You, of course, are not a financial novice, butyou are a busy person. And it's possible, it'sjust possible, that if you were to open yourwallet right now and examine its contents,there would be some small amount of evidence thatwould point to financial novicehood. So, just in case,let's go through the contents of your wallet, one step ata time. Pull it out right now, and let's have a look.
• How much is there, and in what denominations?Some folks like to carry around a high-denominationbill, thinking that they are less likely to break it for a frivolouspurchase. Is that true for you? Does it work foryou, or does it interfere with your ability to function?
• What amount do you need to have available tomake those purchases that you can't make with a creditcard? Most people carry around what they think theywill need before they can obtain more cash, either froma bank or an ATM. However, you probably really doknow how much you spend each day or week. Then youhave to ask yourself, "Is what I spend reasonable?"
• Where did you get your cash? If you got it from anATM, what are the fees? Multiply the number of timesyou use an ATM in a week by the amount of the feeseach time. Is the cost reasonable for the service, or wouldit be better to drop by a bank every week or two and getthe cash out of your account at no charge?
• What unexpected needs are there for cash? If youget hit with requests from coworkers for birthday presents,baby shower gifts, etc, you don't want to be caughtwith only $20 bills in your wallet. You'll probably wantto carry around some smaller bills.
• How many do you have? How many do you need?There may be a correlation between how many cardsyou have and a tendency to overcharge and overspend.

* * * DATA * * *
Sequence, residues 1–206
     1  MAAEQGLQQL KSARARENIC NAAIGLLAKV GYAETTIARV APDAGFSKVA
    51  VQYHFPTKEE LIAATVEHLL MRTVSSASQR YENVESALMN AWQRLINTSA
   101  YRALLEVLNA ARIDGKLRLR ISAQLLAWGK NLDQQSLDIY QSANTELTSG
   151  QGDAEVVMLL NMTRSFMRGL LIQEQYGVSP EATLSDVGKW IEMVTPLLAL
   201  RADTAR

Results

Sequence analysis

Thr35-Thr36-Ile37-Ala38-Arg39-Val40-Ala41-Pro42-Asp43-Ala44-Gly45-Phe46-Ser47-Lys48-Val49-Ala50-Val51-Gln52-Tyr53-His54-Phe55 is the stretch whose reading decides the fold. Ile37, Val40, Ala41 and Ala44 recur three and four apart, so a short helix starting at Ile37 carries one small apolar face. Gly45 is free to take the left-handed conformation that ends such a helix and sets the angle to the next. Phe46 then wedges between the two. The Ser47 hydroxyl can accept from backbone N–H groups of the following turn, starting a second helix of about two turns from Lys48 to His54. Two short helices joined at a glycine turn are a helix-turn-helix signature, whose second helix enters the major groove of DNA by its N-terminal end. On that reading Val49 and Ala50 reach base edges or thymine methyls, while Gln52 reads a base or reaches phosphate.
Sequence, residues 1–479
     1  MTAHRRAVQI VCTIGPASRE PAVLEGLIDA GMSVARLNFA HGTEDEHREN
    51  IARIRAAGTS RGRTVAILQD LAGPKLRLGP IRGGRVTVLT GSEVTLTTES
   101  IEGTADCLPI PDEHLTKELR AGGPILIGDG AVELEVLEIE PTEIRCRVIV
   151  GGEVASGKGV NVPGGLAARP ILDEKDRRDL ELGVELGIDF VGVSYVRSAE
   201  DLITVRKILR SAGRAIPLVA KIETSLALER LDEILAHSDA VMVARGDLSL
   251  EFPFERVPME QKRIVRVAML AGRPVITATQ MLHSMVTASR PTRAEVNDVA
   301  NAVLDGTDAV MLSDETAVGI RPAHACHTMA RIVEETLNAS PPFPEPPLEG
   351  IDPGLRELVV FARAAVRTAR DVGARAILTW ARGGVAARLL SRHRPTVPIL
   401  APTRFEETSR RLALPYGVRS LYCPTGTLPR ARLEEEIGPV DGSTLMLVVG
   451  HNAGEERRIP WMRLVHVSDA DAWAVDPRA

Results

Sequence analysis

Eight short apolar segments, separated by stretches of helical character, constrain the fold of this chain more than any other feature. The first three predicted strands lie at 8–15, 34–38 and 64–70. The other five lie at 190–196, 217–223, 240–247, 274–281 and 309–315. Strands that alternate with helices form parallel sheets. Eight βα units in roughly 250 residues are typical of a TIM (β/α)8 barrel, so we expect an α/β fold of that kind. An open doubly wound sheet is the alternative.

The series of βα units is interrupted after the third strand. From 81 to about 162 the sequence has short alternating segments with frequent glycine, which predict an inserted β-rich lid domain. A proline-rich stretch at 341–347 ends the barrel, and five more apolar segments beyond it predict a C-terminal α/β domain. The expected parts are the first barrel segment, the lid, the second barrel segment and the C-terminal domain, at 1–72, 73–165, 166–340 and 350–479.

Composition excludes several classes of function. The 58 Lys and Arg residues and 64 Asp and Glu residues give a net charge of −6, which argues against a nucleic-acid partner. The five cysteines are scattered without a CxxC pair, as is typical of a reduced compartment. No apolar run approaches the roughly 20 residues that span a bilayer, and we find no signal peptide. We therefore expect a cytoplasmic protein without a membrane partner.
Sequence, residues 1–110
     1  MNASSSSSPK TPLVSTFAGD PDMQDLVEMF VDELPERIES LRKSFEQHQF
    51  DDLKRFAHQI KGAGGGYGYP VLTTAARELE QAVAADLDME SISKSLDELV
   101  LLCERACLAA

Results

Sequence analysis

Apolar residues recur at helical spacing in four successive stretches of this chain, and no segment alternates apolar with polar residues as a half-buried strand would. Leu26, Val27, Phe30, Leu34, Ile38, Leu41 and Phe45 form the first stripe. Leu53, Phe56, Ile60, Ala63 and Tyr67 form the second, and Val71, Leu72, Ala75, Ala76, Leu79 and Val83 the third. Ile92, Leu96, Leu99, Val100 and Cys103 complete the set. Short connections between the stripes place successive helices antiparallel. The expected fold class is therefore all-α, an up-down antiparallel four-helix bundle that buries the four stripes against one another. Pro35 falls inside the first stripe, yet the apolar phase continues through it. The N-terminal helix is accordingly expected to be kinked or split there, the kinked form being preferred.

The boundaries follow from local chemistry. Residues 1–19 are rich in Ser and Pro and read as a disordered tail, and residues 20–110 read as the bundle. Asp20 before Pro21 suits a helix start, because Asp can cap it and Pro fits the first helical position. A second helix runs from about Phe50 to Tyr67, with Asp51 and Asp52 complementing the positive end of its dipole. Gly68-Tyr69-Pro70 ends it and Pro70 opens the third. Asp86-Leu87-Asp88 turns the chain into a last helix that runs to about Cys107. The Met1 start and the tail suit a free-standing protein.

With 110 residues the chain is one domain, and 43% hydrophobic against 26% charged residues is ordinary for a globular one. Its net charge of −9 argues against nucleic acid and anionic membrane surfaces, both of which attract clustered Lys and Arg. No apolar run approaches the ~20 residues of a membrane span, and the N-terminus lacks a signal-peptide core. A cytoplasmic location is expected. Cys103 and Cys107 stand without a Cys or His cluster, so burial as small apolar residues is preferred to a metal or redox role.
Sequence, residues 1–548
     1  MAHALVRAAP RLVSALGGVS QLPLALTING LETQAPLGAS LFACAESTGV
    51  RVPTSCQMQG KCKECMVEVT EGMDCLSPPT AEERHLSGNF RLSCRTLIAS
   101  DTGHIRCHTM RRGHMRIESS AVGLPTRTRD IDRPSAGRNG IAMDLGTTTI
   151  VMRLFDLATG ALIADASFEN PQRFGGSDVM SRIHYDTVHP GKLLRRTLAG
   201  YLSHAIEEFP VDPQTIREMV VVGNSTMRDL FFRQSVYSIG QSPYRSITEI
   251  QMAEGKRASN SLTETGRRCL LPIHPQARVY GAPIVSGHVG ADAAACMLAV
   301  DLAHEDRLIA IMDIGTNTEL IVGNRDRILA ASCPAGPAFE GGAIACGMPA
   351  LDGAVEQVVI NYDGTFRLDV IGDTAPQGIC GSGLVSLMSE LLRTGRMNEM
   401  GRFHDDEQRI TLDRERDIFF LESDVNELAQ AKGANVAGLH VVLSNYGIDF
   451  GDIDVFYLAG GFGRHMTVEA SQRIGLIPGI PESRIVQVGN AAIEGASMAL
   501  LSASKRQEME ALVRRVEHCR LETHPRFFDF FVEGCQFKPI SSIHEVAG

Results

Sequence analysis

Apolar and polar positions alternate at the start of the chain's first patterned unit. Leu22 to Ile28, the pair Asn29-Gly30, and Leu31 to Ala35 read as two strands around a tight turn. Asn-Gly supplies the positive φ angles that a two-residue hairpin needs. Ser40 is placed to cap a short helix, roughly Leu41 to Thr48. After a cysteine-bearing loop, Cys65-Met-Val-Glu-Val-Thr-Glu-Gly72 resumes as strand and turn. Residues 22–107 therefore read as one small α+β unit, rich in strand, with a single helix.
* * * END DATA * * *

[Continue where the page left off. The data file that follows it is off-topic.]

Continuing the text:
• What kind of perks do you get from your cards?Frequent flyer miles? Money toward your next car purchase?If you're not getting perks, why not?
• What is the total balance on your cards? Howmuch interest do you pay each month? What could youdo with the money you normally pay in interest? If youcould decrease all that interest with a tax-deductiblehome equity loan, why haven't you done it?
At this point, let's look at the items that are notdirectly money related. Your life is not all about money,and you may have noticed that the editors of this magazinewant you to be well-rounded. Where better to lookfor well-roundedness than in what you carry aroundwith you every day, all day? Let's face it, your wallet iswho you are. If we look thoroughly through your wallet,what does it say about you?
• Driver's license. By the way, when does it need tobe renewed?
• Voter registration card. You do have one, right?If you don't vote, then you let the people who do votemake the rules you have to live by. Are you happywith those rules?
• Library card. Great, it shows you like to read,and reading is the major way most of us get to understandthe world around us.
• AAA card. Something that you hope you won'thave to use, but you need to have it on you just in case.
• Medical license and pharmacy cards. I don't knowwhy you need to carry these around, but they alwaysissue wallet-size copies, so I suppose they want us tocarry them with us.